Well one of the reasons I’m changing this db is to make future changes easier to implement without touching the web app.

  • ASM table (contains only area/settings/mode)
    A table (like the topics and resources tables) that only contains the names of whatever-you-call-this-entity. So right now it would contain only three rows:

  • ASM-options table
    I didn’t add an Options table, because the options differ for each ASM, so if you choose Area, you wouldn’t be able to choose the Settings and Mode options, or at least that wouldn’t make much sense. So this table would contain a row for each ASM/option pair:
[B]ASM    Option[/B]
Area   State
Area   County

And you would retrieve the options for the chosen ASM.

So like resource id, topic id, and the area/setting/mode id in the same row?

Yes. But not numeric id’s, the plain names:

[B]Topic    Resource     ASM    Option   Optionvalue[/B]
Topic 1  Resource 1   Area   State    Y
Topic 2  Resource 1   Area   State    N

Oh my! Hmmmmmm. I’ll have to get my head around THAT now! :slight_smile:

That final table makes sense but I’m trying to figure out why I need the ASM table if I have ASM-options. Just to populate dropdowns? Seems like I could have a column in ASM-options to flag the “top level” entries just as easily.

An extra column? You could do a SELECT DISTINCT ASM FROM ASM
But then, like I said before, you could do that on the final table as well, for topics, ASM, options and resources, getting rid of all the other tables.

Thanks guido, you’ve given me a lot to think about.

I spent some time thinking about this, and I think I have my head a bit farther around it.

Let’s take Resource 1 for an example, and let’s also say we’re limiting out search to Topic 3. We’d then have this:

[B]Topic    Resource     ASM    Option   Optionvalue[/B]
Topic 3  Resource 1   Area     State     Y
Topic 3  Resource 1   Mode     Car       Y
Topic 3  Resource 1   Setting  Rural     Y

One row for each possible “Y” value, correct?

Then in the query I’d have:


WHERE ( asm-options.asm = 'Area'
AND asm-options.option = 'State'
AND asm-options.optionvalue = 'Y' )

I foresee a collosal WHERE clause down the road in this :wink: (although I suppose I’d just use IN with a list of values)

collosal, complex, and inefficient

google EAV (entity-attribute-value)

Ok, just watched a video about, and it makes sense as far as storing the data (because the values that are columns in the current database would be rows in EAV) but I’m not sure how I’d retrieve records using that.setup. Plus, what if you have one option in the options column that is numeric and one that is text? You’d have to use a varchar data type for everything.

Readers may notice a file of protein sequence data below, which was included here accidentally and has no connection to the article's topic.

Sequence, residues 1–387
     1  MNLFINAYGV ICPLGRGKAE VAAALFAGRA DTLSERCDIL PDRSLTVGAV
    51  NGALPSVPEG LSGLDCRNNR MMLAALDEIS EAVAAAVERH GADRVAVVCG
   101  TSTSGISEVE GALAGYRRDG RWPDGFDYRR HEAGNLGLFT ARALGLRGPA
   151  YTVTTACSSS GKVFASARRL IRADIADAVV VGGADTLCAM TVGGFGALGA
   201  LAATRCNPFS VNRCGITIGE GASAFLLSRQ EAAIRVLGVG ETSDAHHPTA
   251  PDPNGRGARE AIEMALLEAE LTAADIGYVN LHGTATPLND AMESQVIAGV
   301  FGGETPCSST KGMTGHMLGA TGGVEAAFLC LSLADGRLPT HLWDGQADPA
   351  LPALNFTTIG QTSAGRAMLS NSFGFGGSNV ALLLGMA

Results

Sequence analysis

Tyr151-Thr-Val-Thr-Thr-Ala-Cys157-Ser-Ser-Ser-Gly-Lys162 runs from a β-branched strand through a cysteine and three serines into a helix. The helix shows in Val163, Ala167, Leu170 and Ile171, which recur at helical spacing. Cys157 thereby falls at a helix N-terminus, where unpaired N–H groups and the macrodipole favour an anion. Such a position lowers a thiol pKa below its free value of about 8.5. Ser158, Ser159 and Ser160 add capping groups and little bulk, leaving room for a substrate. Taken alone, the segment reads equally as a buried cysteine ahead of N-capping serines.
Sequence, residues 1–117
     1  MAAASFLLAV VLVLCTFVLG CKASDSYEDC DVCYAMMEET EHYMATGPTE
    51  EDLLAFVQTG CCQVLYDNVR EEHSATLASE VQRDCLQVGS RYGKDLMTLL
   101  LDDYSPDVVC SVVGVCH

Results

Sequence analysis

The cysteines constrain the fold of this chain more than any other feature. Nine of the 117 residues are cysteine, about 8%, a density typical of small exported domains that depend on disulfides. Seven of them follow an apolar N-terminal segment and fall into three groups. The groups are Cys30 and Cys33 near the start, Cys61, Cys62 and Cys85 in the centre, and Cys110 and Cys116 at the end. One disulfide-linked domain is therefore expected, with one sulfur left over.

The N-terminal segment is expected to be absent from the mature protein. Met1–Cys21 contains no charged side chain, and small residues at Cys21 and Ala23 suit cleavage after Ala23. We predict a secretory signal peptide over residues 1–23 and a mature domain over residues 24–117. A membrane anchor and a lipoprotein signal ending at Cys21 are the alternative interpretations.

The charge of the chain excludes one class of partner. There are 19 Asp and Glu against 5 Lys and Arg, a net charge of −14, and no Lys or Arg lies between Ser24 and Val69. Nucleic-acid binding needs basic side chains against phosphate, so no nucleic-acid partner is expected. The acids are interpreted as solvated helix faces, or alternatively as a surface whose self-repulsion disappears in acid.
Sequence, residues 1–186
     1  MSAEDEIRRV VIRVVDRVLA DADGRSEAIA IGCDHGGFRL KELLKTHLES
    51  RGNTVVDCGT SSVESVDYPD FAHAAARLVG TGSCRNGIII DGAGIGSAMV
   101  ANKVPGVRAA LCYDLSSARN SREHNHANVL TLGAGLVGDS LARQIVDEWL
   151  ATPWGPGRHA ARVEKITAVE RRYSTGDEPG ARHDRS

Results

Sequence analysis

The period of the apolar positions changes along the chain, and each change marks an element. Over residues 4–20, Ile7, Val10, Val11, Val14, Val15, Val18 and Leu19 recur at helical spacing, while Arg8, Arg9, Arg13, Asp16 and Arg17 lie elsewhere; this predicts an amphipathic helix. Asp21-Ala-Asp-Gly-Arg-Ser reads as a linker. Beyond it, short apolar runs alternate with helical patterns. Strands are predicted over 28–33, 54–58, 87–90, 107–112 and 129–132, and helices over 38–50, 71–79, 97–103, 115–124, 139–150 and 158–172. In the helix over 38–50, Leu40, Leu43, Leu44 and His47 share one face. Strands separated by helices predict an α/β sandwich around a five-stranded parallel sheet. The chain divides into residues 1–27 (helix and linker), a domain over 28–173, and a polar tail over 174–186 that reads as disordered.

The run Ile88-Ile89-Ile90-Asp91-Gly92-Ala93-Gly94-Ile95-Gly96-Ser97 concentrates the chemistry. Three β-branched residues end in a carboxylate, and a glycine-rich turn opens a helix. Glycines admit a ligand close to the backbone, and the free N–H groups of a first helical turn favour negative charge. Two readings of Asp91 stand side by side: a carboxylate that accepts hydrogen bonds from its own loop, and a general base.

Another disturbing thing I noticed (about the existing database, not the EAV) is that not every resource exists in all three of the old tables. It’s such a wreck.

After thinking about this some more, I came up with an idea, and thus the following table structure:

Resources (id, name)
Topics (id, name)
Criteria (id, parent, child)
RTC (id, resource id, topic id, criteria id)

The Resources and Topics tables are (should be) self-explanatory.

The Criteria table is something like this:

[B]id  parent      child[/B]
1   mode        car
2   mode        rail
3   mode        bus
4   setting     rural
5   setting     urban
6   setting     suburban

Then the RTC table would tie the resource id, topic id, and criteria id together. I can build my initial set of checkboxes from the topics table, and the subsequent ones out of the criteria table.

Does anyone think this’ll work?

Edit: Rudy will probably scold me for not making a proper parent/child category table out of criteria, which if course I would do in the finished product :wink:

It turns out that my above solution won’t work at all, of course. In the existing web app (that’s going away and which I have to recreate) when you choose additional options you actually get fewer results. For any given resource, if any of the chosen options is N in the database, that resources is hidden, so there are countless possible options.

I clearly need to think of something else.

Alright, got this to work with the table structure two posts up.

Resources (id, name)
Topics (id, name)
Criteria (id, parent, child)
RTC (id, resource id, topic id, criteria id)

The reason it threw me off was because of the way the existing tool (the one mine is replacing) works. In the existing tool, when you select more than one criteria, rather that show you all resources related to either of those criteria, it shows you only resources that belong to both. It’s like an AND instead of an OR.

I’m finding it a little tough to replicate this behavior in a query, so I’ve done it in my code. But I’m not going to spend too much time on it until I know whether or not the owners of this application even want it to work this way.

But for now, I have a database that is organized much better than the original one.